This is probably the thousandth article on yoga injuries. A lot has been said on the topic, but I think it's worth adding my two cents.
Because I recently injured myself.
Was I doing something out of the ordinary?
I was in one of the poses I practice almost everyday. Which is a funny thing: I've never injured myself doing poses for the first time, it's always while doing the old ones. (I guess it's the same theory that explains why most car accidents happen in your everyday routes.)
Anyway, there I was in same old hanumanasana (the splits), when my front foot slides a little bit too forward and something in my hip joint cracks very loudly and I knew something had gone very wrong.
The first thing I did was actually hug my hip. I know this probably doesn't sound like the smartest move, but I'd heard from one of my teachers that sometimes the muscles just need to feel supported, they need to know they are being taken care of, so that they send our body the message to relax and feel safe.
So that's what I did, I felt like I was talking to my hip through my hands: "I know I did something wrong, but I am right here and I'm going to support and take care of you."
Hopefully, I'm on the right path. After talking to a friend, fellow yoga teacher and physiotherapist, she told me that probably the problem was where the hamstrings connect to the sitting bone (which makes sense, since the sitting bone is the spot where it hurts the most). So now, no forward bends for me (of any kind - even sitting down is painful), and I have to give my body a lot of rest and attention.
One thing I realized is that the more you practice, the more deep and intense your poses become, and thus the more deep and intense are your injuries.
We get so used to the poses we do regularly that we start practicing them mindlessly. We know the alignment, we know how to place our bodies. Nothing can go wrong, right? Ironically, that's how it can go wrong.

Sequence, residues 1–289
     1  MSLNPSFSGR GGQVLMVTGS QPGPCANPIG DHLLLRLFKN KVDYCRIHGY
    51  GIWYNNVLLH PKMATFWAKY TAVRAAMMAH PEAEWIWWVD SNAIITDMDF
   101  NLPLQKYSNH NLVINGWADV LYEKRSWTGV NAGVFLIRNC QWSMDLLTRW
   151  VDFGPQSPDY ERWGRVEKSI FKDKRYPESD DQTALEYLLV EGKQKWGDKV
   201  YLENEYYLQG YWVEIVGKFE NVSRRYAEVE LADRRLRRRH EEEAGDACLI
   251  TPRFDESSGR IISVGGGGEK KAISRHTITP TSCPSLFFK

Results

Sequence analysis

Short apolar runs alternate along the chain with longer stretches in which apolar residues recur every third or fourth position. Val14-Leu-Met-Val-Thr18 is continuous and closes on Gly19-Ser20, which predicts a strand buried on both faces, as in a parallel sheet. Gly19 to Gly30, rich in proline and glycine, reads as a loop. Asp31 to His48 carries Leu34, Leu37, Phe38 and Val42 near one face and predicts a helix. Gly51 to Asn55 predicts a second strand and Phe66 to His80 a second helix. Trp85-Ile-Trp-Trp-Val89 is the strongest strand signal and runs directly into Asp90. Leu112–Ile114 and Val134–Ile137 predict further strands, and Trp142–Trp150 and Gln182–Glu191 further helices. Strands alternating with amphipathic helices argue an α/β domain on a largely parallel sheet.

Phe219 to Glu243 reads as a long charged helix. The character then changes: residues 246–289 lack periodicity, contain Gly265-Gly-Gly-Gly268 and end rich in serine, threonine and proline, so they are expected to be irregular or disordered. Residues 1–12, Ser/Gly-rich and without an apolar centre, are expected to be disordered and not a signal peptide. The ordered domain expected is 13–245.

When we're practicing poses for the first time, we go into them very slowly, trying to feel if we're doing it right. We might even stop and re-check everything. When it's something we've practiced so many times that it feels safe, we just go for it, no second thought, no questions asked.
So here are some guidelines that will prevent me from get hurt again on the yoga mat:
1. No pose is safe.
Every pose has its risks if you don't take it seriously. Even the smallest of cobras can pinch your lower back, or compress your neck. Try to be as pain-free in your practice and be aware of everything that's happening in your body at all times. And check in with your body at all times.
2. Don't obsess over your yoga practice.
Sometimes spending an afternoon practicing yoga can be too much. Life is so much bigger and there are lots of things to be done. Don't obsess over your yoga practice. Let it be and enjoy life in its fullest. Your practice will come, take it as it comes.
3. Listen to your body.
The body frequently sends signs when enough is enough. You can let your mind decide for you, or you can tune in to your body and listen if it's had enough. Muscle strain, or soreness are signs that your body needs a rest. Don't ignore that.
4. Stay away from crazy manual adjusters.
Some yoga students can tell you some stories... There are teachers who will force the student into the pose in a way that feels painful. If you go to a class where a teacher physically (or even verbally) forces you into something that doesn't feel right, pull yourself away from that situation. You don't need that, there are thousands of yoga teachers who will actually respect you. Go to them.
5. Support and respect your body.
It seems silly, I know, but actually hugging my hip and giving it physical support with my hands makes a big difference. I feel like the tissues begin to relax and find their way back. Also, spending a day resting was something my hip joint and sitting bone were very thankful for. So if you feel that in some way you overdid it, do be mindful about it and pay attention to your body. It does have an intelligence of its own.
So watch out yogis, it can happen when you least expect it, so act as if you're always expecting it.